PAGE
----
On the eighth day of Christmas my true love gave to me…
…updates to the PCI DSS 3.0 Standard! While the comprehensive, 112 page set of requirements was probably not on the New Year wish list for most small merchants, improved protection of customers’ information certainly should have been.
The logic for singling smaller merchants out here is that large merchants who already invest heavily in PCI DSS compliance are unlikely to have too many difficulties meeting the new requirements. Meanwhile, PCI regulation remains a daunting prospect for small and independent retailers – a challenge that is no doubt looming larger following updates to the standard on 1 January.
The new version 3.0 seeks to promote greater merchant understanding of the roles and responsibilities of all players in the payment chain with regard to security. Crucially, it also encourages merchants to take a proactive, business-driven approach to data protection, rather than viewing compliance as a ‘tick box’ exercise. However, it is unlikely that small merchants will be able to meet all the new requirements without significant third party assistance, which will of course drive up card acceptance costs.
Indeed, the cost and complexity of compliance – with payment service providers (PSPs) responsible for ensuring merchant compliance of a very large and complex ecosystem – is the cause of the high cost of entry that has traditionally excluded small merchants and sole traders from the world of card acceptance. That is, until the advent of mobile point-of-sale (mPOS) technology.
mPOS has opened up a new level of flexibility for both merchants and PSPs, enabling them to securely accept card payments from mobile devices, rather than a traditional fixed point-of-sale terminal. Encryption, which has been used to protect PINs for many years, is now deployed to ensure that payment data is protected right from point of capture at the mPOS card reader. This means that data – encrypted and therefore devalued – can now be routed through untrusted devices and untrusted networks. With merchant systems unable to ‘see’ cleartext cardholder data, and no access to the keys to decrypt the data (these are securely managed by the PSP), the mPOS application running on the merchant smartphone is not subject to compliance scrutiny. In other words, the merchant is able to accept cards without coming into scope for PCI DSS.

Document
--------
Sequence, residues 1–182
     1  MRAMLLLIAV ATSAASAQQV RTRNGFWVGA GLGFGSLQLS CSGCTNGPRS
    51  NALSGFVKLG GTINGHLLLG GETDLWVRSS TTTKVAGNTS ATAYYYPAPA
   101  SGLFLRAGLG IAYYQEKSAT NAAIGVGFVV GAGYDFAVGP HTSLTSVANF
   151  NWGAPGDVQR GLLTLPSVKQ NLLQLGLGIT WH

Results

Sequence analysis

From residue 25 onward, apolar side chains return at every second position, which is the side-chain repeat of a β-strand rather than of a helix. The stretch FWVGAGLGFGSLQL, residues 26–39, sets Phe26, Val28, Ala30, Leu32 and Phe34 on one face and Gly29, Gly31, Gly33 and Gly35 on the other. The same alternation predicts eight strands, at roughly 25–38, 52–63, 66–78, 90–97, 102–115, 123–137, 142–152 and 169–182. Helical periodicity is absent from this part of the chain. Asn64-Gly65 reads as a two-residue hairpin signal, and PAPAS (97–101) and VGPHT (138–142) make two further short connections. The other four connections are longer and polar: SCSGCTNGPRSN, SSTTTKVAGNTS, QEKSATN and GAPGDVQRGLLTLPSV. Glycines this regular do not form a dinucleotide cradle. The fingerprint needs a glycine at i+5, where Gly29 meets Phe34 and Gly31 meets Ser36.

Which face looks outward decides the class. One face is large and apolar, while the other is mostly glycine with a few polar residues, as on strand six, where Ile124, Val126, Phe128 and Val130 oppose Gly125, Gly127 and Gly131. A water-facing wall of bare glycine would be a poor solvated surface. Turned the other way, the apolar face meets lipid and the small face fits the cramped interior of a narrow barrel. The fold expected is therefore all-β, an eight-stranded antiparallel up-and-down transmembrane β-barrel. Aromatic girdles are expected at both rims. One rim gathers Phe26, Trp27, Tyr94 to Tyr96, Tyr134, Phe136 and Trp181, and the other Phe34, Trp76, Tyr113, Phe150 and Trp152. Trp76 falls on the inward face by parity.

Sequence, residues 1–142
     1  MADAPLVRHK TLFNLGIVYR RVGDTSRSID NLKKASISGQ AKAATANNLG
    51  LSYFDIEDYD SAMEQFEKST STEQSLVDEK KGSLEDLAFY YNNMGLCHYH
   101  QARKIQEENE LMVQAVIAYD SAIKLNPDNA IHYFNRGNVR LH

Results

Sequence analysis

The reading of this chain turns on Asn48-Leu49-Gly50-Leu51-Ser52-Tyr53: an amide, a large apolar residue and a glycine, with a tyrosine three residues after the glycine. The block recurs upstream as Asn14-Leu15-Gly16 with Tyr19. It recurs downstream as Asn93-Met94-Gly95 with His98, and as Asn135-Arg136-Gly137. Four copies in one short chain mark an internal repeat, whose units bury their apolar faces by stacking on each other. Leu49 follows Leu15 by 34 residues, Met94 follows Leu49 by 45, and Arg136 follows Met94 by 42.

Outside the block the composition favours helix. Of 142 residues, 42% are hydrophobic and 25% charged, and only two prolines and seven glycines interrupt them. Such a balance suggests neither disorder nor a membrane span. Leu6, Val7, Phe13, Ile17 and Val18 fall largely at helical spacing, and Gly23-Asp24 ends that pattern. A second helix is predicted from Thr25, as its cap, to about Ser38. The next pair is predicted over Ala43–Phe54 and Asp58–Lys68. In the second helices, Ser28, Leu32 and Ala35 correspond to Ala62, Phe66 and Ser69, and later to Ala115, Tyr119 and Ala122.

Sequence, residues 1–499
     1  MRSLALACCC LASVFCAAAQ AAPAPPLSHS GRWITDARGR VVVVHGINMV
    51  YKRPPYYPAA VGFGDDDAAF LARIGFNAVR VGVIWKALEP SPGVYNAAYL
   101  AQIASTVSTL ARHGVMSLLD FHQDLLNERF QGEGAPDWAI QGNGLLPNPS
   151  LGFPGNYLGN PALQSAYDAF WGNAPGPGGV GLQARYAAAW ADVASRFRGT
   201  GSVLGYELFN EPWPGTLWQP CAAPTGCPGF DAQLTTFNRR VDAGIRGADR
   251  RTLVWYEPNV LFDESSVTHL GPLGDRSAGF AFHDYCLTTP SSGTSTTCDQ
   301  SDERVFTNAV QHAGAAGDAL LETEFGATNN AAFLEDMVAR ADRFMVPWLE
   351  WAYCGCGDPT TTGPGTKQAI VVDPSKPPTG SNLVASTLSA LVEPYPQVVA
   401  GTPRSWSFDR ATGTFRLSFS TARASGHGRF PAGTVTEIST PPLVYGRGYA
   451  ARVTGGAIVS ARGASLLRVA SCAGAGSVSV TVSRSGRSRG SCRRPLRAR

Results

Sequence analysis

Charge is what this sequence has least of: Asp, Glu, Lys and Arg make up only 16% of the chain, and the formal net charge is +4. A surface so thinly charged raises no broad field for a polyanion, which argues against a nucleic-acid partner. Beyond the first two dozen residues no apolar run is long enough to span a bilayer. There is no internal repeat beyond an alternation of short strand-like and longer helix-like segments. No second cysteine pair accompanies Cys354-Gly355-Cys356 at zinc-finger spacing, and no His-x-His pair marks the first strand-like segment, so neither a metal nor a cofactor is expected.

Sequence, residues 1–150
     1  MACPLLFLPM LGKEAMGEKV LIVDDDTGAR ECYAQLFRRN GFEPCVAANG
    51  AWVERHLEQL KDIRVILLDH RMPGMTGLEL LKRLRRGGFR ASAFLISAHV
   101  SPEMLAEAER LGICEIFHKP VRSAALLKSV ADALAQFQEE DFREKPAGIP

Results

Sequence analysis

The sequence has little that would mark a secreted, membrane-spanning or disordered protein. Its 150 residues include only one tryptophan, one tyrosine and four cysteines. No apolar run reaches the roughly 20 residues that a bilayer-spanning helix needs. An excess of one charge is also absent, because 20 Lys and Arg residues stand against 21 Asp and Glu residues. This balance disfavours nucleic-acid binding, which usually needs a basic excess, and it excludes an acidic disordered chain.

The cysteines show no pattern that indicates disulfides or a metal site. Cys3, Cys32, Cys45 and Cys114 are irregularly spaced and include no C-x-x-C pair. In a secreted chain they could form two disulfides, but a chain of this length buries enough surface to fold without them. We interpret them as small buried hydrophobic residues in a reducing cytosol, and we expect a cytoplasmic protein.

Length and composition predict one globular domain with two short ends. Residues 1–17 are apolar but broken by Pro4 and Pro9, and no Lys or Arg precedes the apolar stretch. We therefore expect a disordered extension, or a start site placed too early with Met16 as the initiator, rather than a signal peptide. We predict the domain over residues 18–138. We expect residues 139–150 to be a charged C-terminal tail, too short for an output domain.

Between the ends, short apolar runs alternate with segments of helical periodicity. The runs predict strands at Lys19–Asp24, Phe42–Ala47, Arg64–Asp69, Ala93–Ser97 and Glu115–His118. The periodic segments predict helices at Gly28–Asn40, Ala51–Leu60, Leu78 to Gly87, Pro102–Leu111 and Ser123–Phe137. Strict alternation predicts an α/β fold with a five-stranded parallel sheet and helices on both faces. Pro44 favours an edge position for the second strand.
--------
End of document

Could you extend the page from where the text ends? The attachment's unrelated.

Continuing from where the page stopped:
The PCI DSS compliance standard was originally developed in 2004, and is updated every three years as the payments industry evolves to support new payment methods and requires more sophisticated security solutions to combat fraudulent attacks on sensitive data. However, requirements around mobile payment security remain ‘best practice guidance’ rather than a mandate. Version 3.0 does build the guidance closer to the standard with the inclusion of a new section that informs businesses about the purpose of implementing each requirement, though it would good to see mobile payment security moved to the core of the standard in subsequent revisions.
Of course merchants dislike dealing with PCI DSS compliance – their business is selling goods to make profit, not incurring significant costs to protect payment data owned by card issuers. That said, with card acceptance largely a pre-requisite and the financial and reputational cost of falling short of PCI standards, merchants have no choice but to adopt a proactive approach to security as their New Year’s resolution.